BAGHDAD, Iraq -- Iraq's interim prime minister on Sunday warned that efforts to resolve the standoff in Fallujah peacefully have entered their "final phase" and said he will not hesitate to launch "a military solution" to end Sunni insurgents' hold over the city.
In another city of Iraq's stormy Sunni Triangle, a rocket slammed into the Sunubar Hotel in Tikrit late Sunday, killing 15 Iraqis and wounding eight others, hospital officials said. Insurgents may have been aiming at an American position, which was targeted by a second rocket. U.S. officials said no American casualties were reported.
Prime Minister Ayad Allawi's warning, delivered in a nationally televised news conference, occurred as U.S. forces prepare for a showdown with thousands of militants holed up in Fallujah -- the city that has become the focal point of armed resistance to the Americans and their Iraqi allies.
Allawi appeared to be aiming to prepare the Iraqi public for an onslaught likely to unleash strong passions, especially among the country's Sunni Muslim minority.
He warned of civilian casualties, saying that if he orders an assault it would be with a "heavy heart," because "there will be some loss of innocent lives."
"But I owe, owe it to the Iraqi people to defend them from the violence and the terrorists and insurgents," he said.
U.S. and Iraqi commanders want to put down guerrillas before vital elections due to be held by Jan. 31, which Allawi insisted will take place as scheduled. On Sunday, insurgents in Fallujah fired mortar rounds and rockets at U.S. Marines, who responded with artillery. U.S. aircraft also struck suspected rebel positions, Marine officials said.
Clashes were also reported between U.S. forces and insurgents in Ramadi, west of Fallujah, killing seven Iraqis and injuring 11, hospital officials said.
As night fell in the Iraqi capital, the rumble of powerful explosions could be heard coming from the western edge of the city but the cause of the blasts could not be determined.
The blast in Tikrit, 80 miles north of Baghdad, sent frightened guests of the three-story hotel running into the street, some barefoot, others with bloodstains on their clothes.
U.S. military officials blamed the attack on "anti-Iraqi forces," the term they use for insurgents. They said two rockets were fired, one of which exploded near an American military position but caused no damage or casualties.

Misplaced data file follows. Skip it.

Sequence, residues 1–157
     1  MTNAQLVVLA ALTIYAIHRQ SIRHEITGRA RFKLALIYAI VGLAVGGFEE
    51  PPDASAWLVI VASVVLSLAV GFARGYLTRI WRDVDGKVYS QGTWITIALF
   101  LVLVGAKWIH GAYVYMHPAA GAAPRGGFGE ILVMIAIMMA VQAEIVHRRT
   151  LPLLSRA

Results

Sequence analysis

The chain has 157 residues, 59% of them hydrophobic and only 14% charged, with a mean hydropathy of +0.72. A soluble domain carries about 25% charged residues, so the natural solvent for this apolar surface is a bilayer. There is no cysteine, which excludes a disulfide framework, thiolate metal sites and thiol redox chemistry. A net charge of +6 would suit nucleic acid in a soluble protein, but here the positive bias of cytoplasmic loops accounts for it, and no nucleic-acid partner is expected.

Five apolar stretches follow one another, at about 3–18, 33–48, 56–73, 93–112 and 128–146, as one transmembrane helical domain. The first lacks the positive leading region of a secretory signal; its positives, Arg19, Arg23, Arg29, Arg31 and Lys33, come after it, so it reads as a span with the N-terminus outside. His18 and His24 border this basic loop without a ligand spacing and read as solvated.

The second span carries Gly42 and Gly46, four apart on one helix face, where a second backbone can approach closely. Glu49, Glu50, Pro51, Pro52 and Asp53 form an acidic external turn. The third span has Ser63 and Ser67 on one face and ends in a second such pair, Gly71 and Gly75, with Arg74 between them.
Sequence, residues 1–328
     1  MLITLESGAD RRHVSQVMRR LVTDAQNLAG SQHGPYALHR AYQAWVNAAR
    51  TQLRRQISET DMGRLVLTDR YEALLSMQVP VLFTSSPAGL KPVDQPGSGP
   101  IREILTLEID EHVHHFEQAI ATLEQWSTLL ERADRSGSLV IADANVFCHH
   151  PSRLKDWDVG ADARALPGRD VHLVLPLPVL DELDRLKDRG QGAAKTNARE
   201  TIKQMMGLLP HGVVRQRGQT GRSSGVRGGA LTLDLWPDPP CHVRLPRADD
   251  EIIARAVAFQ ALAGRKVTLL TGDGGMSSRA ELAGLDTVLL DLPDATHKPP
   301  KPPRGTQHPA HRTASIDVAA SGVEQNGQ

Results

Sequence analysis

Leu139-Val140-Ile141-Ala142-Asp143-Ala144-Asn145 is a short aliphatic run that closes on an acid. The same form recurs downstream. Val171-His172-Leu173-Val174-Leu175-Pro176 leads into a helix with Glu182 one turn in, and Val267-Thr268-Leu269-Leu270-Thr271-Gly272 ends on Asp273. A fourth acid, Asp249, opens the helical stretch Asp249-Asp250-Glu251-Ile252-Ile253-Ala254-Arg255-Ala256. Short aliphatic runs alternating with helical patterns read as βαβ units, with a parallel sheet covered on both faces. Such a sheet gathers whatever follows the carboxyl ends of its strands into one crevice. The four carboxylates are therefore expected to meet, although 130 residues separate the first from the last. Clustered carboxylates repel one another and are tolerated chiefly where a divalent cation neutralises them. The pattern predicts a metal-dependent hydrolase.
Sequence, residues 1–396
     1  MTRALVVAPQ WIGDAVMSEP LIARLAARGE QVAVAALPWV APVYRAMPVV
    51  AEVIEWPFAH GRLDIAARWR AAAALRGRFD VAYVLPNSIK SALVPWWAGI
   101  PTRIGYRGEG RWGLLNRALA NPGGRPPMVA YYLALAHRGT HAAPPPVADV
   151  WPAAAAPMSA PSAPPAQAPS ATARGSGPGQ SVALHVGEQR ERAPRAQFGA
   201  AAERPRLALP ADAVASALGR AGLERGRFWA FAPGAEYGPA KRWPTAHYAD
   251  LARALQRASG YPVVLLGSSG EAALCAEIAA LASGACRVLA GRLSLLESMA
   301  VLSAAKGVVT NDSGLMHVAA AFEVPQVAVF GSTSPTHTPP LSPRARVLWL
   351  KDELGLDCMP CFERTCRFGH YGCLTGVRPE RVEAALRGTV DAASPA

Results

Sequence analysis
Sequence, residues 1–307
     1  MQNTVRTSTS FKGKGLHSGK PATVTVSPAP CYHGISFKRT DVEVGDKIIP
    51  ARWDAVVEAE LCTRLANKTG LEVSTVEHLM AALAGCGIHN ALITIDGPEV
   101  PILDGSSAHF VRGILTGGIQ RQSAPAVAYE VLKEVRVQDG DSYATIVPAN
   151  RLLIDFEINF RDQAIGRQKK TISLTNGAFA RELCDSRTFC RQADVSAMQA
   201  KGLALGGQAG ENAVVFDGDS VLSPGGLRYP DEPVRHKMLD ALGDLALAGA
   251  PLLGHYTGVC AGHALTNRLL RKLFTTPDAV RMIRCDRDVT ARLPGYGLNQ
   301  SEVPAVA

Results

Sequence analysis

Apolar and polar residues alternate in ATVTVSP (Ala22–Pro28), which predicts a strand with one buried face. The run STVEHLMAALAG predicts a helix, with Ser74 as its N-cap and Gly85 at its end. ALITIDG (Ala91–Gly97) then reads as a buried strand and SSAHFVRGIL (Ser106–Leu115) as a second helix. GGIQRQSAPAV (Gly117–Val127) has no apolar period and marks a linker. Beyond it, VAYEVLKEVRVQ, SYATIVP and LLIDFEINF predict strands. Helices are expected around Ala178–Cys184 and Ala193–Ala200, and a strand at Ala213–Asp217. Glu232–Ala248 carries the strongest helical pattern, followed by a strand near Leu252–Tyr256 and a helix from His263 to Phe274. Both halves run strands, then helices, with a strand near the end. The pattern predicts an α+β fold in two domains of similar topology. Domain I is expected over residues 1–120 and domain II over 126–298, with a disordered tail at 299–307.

U.S. officials say Allawi will personally issue the final order to launch any all-out assault on Fallujah and other Sunni insurgent strongholds north and west of the capital.
Allawi gave no deadline for talks with Fallujah city leaders to bear fruit, but he insisted they must hand over foreign fighters and allow Iraqi security forces to take control of the city.
"We have now entered the final phase of attempts to solve Fallujah without a major military confrontation. I hope we can achieve this, but if we cannot, I have no choice but to secure a military solution," he added.
Allawi also said authorities have arrested 167 Arab foreign fighters, who are in Iraq's custody. He said the government had identified financiers abroad and would ask other Arab governments to send them back for prosecution.
Sunni clerics have threatened to call for a nationwide civil disobedience campaign and to boycott national elections in January if the Americans attack Fallujah.
Fallujah has become the nexus of an insurgent network that has carried out numerous car-bombings and beheadings of foreign hostages since the Bush administration ordered Marines to halt an offensive against the city in April.
Fallujah is believed to be the headquarters of Jordanian militant Abu Musab al-Zarqawi, who announced his allegiance to al-Qaida this month. Al-Zarqawi's group is believed responsible for numerous beheadings of foreign hostages, including Japanese backpacker Shosei Koda, whose body was found Saturday night in Baghdad wrapped in an American flag.
"The terrorists and insurgents continue to use Fallujah and the Fallujah people as a shield for their murderous acts," Allawi said. "Some of the most incredible crimes have been committed in Fallujah and out of Fallujah by these terrorists."
He said he "cannot stand back and allow such attacks to continue."
An offensive against Sunni strongholds would present a major challenge to Allawi, a secular Shiite Muslim politician who cultivated links to the CIA and the U.S. State Department during his years in exile in London during Saddam's regime.
In April, U.S. Marines launched a major assault on Fallujah after the slaying of four American security contractors, whose burned and mutilated bodies were dragged through the streets and hung from a bridge over the Euphrates River.
However, the assault unleashed a firestorm of criticism among Iraqis, including key members of the U.S.-appointed Iraqi Governing Council, who complained of hundreds of civilian casualties. The Marines lifted the siege after three weeks and handed security over to a brigade of Fallujah residents under the command of Saddam's former officers.
The brigade melted away and the city fell under the control of hardline Sunni clerics and their mujahedeen fighters.
American officers estimate up to 5,000 Islamic militants, Saddam loyalists and common criminals are holed up in Fallujah. Thousands more operate in other cities of the Sunni Triangle and in Baghdad.
In preparation for an offensive, hundreds of British troops have moved into an area south of Baghdad to free up American forces for operations west of Baghdad. British press reports said four mortar shells landed early Sunday at a British camp south of Fallujah. Two rockets also exploded at the perimeter of the airport in the southern city of Basra where the British contingent has its headquarters.
There were no casualties or serious damage in either attack, British media reports said.